My, my, what a busy year 2009 has been! I no sooner got my feet back under me than I was taking off in a couple of different directions. Let me ‘splain. No, there is no time. I sum up.
I started a project two years ago, a museum for Vernon-born trombonist Jack Teagarden, the undisputed King of the Blues Trombone and one of the best trombone players of all time, period. I was working with a man named Joe Showler, who has spent forty years amassing a collection of Jack Teagarden information that is singular and unique: 78 lps, press clippings, magazines, reel-to-reel tape, video interviews, discographies, you name it. Rare, scarce, private, and just plain jaw-dropping. Much of what Joe gathered went into a two-hour documentary he made. By diligently going through major newspapers and copying adverts, Joe figured out where Teagarden was for 80% of his professional career.
Yeah. It’s THAT kind of a collection.
( Sidebar #1 The Jack Teagarden Catch-up PrimerCollapse )
Well, Joe wanted to bring it to Vernon, settle down, and turn it into a museum. It was a good idea for us, because we could pay out on the collection over time, and have the benefit of Joe’s expertise as a curator of the museum. We needed a building and some start-up cash, but it wasn’t not-doable. Unfortunately, our talks broke down when we needed to focus on the theater to keep it running. That massaging effort lasted for most of last year, as well. It wasn’t until last Christmas that Cathy suggested I get back on the museum project.
I got back in touch with Joe. He was excited to hear from me. Yes, he was still interested, he said, but there was a hitch: he’d been diagnosed with terminal liver cancer and was given six months to live. The news rocked me back on my heels, as you can well imagine. It also changed the shape of the deal significantly. Medical treatments for cancer being what they are, there was no way he could leave Canada and that free health care system. Also, with him unable to look past six months, economically, the deal to buy his collection would have to change. And change it did.
I scrambled to get a building earmarked for the theater, even as I started looking for a private institution that would donate two hundred thousand dollars. That’s what the project needs, give or take fifty thousand. On the one hand, for the kind of museum that I’m talking about, that would pull curious folks in from the highway, that’s a pittance. On the other hand, it’s a QUARTER OF A MILLION DOLLARS, JACK! There’s not a way to make that number sound small.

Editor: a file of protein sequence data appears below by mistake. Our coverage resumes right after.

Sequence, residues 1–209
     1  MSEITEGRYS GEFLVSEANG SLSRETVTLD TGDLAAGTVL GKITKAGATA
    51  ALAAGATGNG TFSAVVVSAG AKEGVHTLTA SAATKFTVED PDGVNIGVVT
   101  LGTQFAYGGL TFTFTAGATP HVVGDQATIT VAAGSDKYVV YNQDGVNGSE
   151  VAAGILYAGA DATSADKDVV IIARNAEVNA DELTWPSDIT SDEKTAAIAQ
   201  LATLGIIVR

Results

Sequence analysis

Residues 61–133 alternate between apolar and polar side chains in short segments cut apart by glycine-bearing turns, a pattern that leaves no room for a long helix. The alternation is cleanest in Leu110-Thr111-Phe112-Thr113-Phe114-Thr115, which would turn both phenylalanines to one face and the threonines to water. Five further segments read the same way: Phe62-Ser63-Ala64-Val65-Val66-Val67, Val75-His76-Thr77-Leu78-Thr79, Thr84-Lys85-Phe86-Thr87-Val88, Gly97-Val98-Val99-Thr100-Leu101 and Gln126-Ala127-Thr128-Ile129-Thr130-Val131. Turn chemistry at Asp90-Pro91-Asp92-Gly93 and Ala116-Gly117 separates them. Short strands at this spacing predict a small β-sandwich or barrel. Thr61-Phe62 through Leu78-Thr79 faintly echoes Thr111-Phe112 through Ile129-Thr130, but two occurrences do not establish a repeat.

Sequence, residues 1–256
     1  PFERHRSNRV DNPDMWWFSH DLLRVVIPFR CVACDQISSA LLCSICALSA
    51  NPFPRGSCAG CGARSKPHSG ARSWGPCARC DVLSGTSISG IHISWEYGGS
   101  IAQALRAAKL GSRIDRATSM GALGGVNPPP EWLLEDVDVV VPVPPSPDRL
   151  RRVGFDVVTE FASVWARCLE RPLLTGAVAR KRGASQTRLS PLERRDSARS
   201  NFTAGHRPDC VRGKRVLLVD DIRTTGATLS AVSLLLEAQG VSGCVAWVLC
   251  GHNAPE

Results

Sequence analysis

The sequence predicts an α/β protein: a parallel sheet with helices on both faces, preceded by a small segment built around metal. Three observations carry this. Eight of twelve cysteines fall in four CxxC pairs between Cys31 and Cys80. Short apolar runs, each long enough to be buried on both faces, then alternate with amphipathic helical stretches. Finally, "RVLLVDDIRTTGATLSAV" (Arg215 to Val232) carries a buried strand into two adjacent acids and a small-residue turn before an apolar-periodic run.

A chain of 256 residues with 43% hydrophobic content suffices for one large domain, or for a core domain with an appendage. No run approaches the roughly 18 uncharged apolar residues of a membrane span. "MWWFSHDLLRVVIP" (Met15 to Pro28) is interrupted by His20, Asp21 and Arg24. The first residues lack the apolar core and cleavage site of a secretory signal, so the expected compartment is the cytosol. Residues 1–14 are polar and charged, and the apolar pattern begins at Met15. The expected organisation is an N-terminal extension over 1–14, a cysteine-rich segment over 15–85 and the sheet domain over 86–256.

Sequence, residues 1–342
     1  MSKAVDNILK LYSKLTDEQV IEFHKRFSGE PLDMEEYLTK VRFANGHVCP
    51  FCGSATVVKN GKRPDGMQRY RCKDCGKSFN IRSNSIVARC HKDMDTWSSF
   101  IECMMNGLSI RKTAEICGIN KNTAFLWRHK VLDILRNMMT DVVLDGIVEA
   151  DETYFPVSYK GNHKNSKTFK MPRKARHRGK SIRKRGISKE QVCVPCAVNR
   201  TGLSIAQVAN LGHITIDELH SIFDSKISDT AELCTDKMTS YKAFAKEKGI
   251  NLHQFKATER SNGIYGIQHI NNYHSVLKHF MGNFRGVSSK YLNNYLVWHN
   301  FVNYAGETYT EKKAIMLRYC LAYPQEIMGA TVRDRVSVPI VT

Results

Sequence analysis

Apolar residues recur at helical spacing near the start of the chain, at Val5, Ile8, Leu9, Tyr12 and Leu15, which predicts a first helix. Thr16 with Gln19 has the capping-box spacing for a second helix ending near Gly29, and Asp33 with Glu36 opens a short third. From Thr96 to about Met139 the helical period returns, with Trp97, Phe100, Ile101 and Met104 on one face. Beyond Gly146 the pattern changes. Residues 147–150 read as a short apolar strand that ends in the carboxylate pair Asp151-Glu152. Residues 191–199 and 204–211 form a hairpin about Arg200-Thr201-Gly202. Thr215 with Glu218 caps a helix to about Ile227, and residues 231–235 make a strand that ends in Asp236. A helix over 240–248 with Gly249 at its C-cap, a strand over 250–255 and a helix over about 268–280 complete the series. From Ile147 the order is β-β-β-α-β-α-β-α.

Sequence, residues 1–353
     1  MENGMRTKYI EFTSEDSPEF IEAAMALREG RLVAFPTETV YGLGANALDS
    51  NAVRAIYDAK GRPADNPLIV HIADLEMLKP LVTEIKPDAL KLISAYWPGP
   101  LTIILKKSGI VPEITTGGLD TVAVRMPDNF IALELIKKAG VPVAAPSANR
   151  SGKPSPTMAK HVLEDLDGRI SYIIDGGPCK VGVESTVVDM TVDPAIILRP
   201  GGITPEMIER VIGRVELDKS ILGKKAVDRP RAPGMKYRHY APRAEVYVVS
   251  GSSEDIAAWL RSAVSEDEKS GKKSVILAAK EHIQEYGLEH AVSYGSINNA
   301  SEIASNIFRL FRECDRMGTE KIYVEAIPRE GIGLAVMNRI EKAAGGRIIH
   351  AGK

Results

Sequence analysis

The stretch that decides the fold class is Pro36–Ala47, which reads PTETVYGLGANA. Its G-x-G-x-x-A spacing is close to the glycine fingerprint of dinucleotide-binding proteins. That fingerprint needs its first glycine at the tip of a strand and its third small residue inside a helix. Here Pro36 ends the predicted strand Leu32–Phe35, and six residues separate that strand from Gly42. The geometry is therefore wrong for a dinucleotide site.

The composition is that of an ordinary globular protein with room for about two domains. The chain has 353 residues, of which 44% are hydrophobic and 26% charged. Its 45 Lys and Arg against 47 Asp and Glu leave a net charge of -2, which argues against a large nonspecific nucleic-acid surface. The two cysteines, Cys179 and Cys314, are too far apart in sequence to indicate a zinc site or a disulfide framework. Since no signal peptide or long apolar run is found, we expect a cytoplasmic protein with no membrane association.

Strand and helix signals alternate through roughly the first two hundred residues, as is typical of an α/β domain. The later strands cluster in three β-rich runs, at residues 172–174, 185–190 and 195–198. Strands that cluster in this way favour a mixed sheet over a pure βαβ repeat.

Well, I wasn’t going to let any of it phase me. In one months’ time, I secured a building; got the owner to agree to patch it up so that it would be habitable; and got a promise from the hotel/motel committee for $50 thousand bucks (provided, for example I can get another group to donate). So far, so good. However, Joe was nervous. He wanted us to go to Canada and examine the collection, first-hand. Also, we all knew that it would be better if we got a piece of paper, some kind of letter of intent, between us, to cement the deal.
My mother-in-law found some super-cheap tickets to Toronto, and so it became a family trip; me, Cathy, Pat and Diane, and youngest brother Mike. All of us with a stake in this enterprise, be it a seat on the board of directors of the museum, or putting up something of an in-kind donation, or both.
( Sidebar #2: Our Trip to Canada--a Family OdysseyCollapse )
We were all excited about seeing Joe Showler’s collection. We are all fans of Teagarden to various degrees. This was akin to being a Marvel Comics fan in the 1960s and getting to go over to Jack Kirby’s house. When we finally got there, we were greeted by Joe, out on the porch having a smoke. Now, I’ve only seen Joe on video tape before, so seeing him like this, thin and moving slow, was a shock. He was jaundiced and clearly not feeling well. But he lit up when he saw us, and we got to meet his friends, John (who operates the excellent JazzOracle website) and Bob (who helped with the making of the documentary and remembered Pat and Diane from their trips to Vernon). We all tucked in and made small talk, and when Joe felt up to it, we got to see the collection.
How can I describe it? Picture a bookcase, seven feet high, three feet wide, and then fill it with two inch black binders. In these black binders, place photographs of Jack Teagarden and the band until it’s full. Then put them in chronological order from 1905 to 1964, label each binder, and there’s five thousand photographs, right there. His book collection was an impressive thing, about 400 books, all out of print, all on Jazz and the early days of the movies. Films? Yeah, five hundred of them. Everything from a commercial print of “The Birth of the Blues” to private home movies of Jack and his family. Color slides. Lobby cards. Playbills. Scrapbooks. Ticket stubs. Ads. Trade notices. Magazines. If it was Teagarden or Teagarden-related, it was all here. Eventually, we went downstairs into the record room and they played some 78s for us. Warm, rich tones, great sound, and wow, some really rare cuts, too. As play dates go, it was one of the best. Joe was happy to talk Teagarden with us. He showed me a peek at his unpublished book, a 900+ page kitchen-sink of a thing that goes from birth to death in a straightforward style. Incredible.